The Poles say chicken kiev, kotlet kurczeta, originated in the Polish city of Kijow, while the French say it was invented by Nicolas Francois Appert in the 18th century and adopted by Empress Elizabeth Petrovna (1741–1762) of Russia who preferred French foods and fashions. It is also thought early New York restaurants trying to please the many Russian immigrants gave it the moniker "kiev" which, in turn, was taken back to Europe and adopted there.
Whoever invented it deserves a medal of honor. Breaded chicken and pork cutlets are common main course offerings in Polish homes.
- 4 4-ounce boneless, skinless chicken breasts
- A few dashes salt and black pepper
- 8 tablespoons butter (1 stick, cold unsalted, cut into 4 pieces)
- 2/3 cup all-purpose flour (or as needed for dredging)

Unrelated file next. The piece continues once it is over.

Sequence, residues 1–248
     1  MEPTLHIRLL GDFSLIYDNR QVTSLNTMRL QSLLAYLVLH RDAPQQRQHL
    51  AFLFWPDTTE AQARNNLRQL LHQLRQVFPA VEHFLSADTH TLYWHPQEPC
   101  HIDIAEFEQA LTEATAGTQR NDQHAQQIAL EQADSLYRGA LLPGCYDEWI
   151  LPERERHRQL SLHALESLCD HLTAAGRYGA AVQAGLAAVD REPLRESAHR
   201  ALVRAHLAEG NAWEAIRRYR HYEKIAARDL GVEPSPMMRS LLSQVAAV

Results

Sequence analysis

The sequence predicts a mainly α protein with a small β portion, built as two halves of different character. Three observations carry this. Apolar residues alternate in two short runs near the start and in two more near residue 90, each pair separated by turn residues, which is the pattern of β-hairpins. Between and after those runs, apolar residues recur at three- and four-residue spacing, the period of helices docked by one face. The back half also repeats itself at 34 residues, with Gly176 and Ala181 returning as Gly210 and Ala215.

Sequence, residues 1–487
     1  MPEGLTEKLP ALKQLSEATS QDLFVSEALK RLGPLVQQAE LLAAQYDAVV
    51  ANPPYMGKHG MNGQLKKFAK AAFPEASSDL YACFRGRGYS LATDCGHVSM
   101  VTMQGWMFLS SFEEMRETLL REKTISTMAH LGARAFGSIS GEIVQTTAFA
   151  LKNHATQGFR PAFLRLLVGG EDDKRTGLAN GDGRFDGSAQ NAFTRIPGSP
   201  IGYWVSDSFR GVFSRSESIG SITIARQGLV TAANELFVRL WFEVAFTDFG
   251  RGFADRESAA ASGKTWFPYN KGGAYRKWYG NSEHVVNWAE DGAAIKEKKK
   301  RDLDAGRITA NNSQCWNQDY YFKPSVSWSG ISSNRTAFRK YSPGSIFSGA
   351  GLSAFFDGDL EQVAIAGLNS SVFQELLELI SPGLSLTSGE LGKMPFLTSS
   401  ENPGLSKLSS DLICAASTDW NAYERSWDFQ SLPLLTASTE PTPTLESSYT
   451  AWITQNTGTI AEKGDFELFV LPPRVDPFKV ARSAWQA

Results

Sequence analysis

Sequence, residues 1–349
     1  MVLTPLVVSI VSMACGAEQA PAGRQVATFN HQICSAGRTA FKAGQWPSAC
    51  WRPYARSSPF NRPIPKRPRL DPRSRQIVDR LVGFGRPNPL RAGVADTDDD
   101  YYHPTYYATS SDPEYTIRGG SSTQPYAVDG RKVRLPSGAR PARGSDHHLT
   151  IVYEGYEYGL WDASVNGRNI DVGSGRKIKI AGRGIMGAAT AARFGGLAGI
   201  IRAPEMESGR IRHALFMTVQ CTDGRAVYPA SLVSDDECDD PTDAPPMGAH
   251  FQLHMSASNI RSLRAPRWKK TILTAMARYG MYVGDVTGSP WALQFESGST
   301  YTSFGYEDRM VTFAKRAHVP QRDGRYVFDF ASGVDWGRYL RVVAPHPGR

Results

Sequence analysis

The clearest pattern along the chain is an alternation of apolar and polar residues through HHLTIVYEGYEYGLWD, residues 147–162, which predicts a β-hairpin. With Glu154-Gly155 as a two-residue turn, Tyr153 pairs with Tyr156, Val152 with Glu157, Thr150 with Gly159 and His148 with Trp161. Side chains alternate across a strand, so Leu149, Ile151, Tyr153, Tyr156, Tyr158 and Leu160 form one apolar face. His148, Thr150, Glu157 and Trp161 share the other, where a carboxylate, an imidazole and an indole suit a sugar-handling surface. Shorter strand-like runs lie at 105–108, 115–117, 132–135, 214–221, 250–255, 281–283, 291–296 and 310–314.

- 1 large egg (beaten with 1 teaspoon water)
- 1 1/2 cups fine bread crumbs (or as needed for breading)
Remove fat and any cartilage from chicken breasts. Pound each to 1/4-inch thickness between two pieces of plastic wrap. Season both sides with salt and pepper.
Place 1 piece butter in center of each breast and roll as for an egg roll or burrito. At this point, the breasts can be placed in the freezer for 30 minutes to ensure the butter becomes firm again and won't leak out in the cooking process.
Dredge breasts in flour, then egg wash and then in breadcrumbs. Repeat, double breading the cutlets. Let them dry for 10 minutes before frying.
Heat 1 inch of canola oil in large skillet over medium-low heat. Slowly fry cutlets on all sides, for a total of about 15-20 minutes. Remove from pan, drain on paper towels and serve. Be careful when you cut into these, the butter will squirt out!